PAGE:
In case you’ve never seen Charlie Blackmon, he’s one of the premier players in major league baseball today. Besides being a great hitter, one of his claims to fame is the fact that he looks like a caveman. He has a shaggy mane on his head, but his most prominent feature is his magnificent beard. It’s thick, full, and dark. Most guys would love to be able to sport facial hair like that. Some of us can’t even get that kind of a mop on top of our heads let alone our chins. Very manly to say the least.
Baseball is one of those games that hangs on statistics. They measure everything. Now they’re measuring Charlie Blackmon’s performance against his facial growth. As it turns out, he has the Samson Syndrome.
You may remember the Old Testament story of Samson. He’s the guy whose strength was in his hair. The longer his hair got, the stronger he became. It’s kind of an odd story, but Blackmon is proving the reliability of its historicity.
Baseball announcers and statisticians have gone back into Blackmon’s baseball career and discovered an interesting correlation. The bigger Charlie’s beard gets, the more home runs he hits. One year, he shaved it off and his homer total dropped to one during the subsequent season. Ever since then, he’s allowed it to propagate, and his homer totals have climbed. Last season, he hit thirty-seven. It’s definitely the Samson Syndrome.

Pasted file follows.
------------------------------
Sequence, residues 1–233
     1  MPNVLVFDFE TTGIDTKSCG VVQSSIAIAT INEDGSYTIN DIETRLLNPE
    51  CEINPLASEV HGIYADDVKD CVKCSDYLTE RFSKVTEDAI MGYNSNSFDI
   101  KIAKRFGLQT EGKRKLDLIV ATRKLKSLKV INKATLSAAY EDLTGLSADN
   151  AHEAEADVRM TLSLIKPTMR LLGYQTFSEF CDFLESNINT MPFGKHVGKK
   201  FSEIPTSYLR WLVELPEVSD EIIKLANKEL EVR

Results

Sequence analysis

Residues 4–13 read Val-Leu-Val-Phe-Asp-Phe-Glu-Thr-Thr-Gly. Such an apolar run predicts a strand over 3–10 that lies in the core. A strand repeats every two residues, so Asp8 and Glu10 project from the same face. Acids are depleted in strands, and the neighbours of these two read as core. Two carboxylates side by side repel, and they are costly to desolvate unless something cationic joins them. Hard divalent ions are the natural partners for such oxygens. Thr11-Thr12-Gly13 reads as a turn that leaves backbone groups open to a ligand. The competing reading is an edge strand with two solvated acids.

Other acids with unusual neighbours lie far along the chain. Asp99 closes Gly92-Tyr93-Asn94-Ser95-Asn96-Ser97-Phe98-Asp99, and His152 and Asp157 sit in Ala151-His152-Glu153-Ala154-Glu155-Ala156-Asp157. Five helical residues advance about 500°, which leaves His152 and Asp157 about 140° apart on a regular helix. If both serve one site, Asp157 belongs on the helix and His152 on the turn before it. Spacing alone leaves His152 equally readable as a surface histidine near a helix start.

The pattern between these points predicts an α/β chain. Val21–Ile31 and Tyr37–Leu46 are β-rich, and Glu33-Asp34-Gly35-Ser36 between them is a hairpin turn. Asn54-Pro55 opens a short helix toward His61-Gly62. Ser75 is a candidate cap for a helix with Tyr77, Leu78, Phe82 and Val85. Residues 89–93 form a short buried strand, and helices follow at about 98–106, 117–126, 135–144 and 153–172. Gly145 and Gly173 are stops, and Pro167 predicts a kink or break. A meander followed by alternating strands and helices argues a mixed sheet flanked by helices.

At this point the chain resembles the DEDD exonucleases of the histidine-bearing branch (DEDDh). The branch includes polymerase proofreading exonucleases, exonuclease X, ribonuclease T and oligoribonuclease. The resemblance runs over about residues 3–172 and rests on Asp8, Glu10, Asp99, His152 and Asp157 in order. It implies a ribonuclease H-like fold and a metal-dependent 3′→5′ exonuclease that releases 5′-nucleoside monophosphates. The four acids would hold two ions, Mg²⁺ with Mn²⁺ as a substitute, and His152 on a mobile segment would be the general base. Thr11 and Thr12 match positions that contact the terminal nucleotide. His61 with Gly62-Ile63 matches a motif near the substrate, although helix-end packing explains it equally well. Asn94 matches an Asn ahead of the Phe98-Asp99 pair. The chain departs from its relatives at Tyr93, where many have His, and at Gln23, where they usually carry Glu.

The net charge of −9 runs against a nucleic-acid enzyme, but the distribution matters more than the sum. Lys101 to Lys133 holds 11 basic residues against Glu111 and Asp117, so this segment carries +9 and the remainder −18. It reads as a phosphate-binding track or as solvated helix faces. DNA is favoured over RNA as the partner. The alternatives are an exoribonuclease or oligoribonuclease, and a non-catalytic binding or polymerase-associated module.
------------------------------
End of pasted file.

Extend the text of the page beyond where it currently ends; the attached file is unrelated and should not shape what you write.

Here Come the Judge
The original Samson was a “Judge.” If you read the Book of Judges, you’ll quickly discover that a judge in the ancient history of Israel was not what we envision these days. These Judges were basically temporary leaders in a time when there really were no leaders. Undoubtedly, each family, clan, and tribe were rulers unto themselves. But it seemed that in times when things got exceptionally bad, a “Judge” would arise to help them out of one morass or another. Most of them probably never knew they were judges, but there was no salary attached to the position, so I doubt if they cared.
The story of Judge Samson begins in the context of a forty-year, Philistine occupation which resulted from Israel doing “evil in the eyes of the Lord.” (Judges 13:1) The Israelis were prone to this sort of behavior, so they needed a Judge once in a while to lift them out of a mess of their own making.
Samson had apparently taken the Nazarite vow. Part of the vow was to never apply a razor to one’s head. Consequently, Samson’s hair grew long, and his body grew strong. He strength was so great that he once tore a lion apart with his bare hands. He also was credited with several other feats that were equally jaw-dropping before his wife (Delilah) betrayed him and cut off his hair. Sans coiffure, he lost his strength and was defeated.
All I’ve got to say is this. Charlie Blackmon, let that beard continue to grow (and don’t get married).
[Dave Zuchelli is a graduate of Pittsburgh Theological Seminary and currently resides in Aldie, VA.]